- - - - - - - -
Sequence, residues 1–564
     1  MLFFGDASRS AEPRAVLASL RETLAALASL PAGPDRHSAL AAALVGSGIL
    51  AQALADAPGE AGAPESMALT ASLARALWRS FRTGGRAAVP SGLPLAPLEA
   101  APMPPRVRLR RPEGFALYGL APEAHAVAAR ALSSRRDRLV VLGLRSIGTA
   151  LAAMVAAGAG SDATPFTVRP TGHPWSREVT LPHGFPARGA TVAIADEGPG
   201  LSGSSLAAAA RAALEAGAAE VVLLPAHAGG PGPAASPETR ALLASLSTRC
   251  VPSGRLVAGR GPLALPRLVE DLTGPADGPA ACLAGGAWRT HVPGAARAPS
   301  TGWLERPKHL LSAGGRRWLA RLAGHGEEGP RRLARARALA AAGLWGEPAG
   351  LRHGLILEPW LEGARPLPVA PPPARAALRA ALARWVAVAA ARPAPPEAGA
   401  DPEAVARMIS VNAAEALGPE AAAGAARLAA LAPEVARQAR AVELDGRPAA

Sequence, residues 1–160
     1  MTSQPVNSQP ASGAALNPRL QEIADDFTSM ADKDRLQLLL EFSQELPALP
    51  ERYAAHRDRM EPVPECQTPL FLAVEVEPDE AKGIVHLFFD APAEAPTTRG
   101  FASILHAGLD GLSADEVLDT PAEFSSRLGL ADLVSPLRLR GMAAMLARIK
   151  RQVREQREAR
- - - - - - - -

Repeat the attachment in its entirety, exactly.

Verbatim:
Sequence, residues 1–564
     1  MLFFGDASRS AEPRAVLASL RETLAALASL PAGPDRHSAL AAALVGSGIL
    51  AQALADAPGE AGAPESMALT ASLARALWRS FRTGGRAAVP SGLPLAPLEA
   101  APMPPRVRLR RPEGFALYGL APEAHAVAAR ALSSRRDRLV VLGLRSIGTA
   151  LAAMVAAGAG SDATPFTVRP TGHPWSREVT LPHGFPARGA TVAIADEGPG
   201  LSGSSLAAAA RAALEAGAAE VVLLPAHAGG PGPAASPETR ALLASLSTRC
   251  VPSGRLVAGR GPLALPRLVE DLTGPADGPA ACLAGGAWRT HVPGAARAPS
   301  TGWLERPKHL LSAGGRRWLA RLAGHGEEGP RRLARARALA AAGLWGEPAG
   351  LRHGLILEPW LEGARPLPVA PPPARAALRA ALARWVAVAA ARPAPPEAGA
   401  DPEAVARMIS VNAAEALGPE AAAGAARLAA LAPEVARQAR AVELDGRPAA

Sequence, residues 1–160
     1  MTSQPVNSQP ASGAALNPRL QEIADDFTSM ADKDRLQLLL EFSQELPALP
    51  ERYAAHRDRM EPVPECQTPL FLAVEVEPDE AKGIVHLFFD APAEAPTTRG
   101  FASILHAGLD GLSADEVLDT PAEFSSRLGL ADLVSPLRLR GMAAMLARIK
   151  RQVREQREAR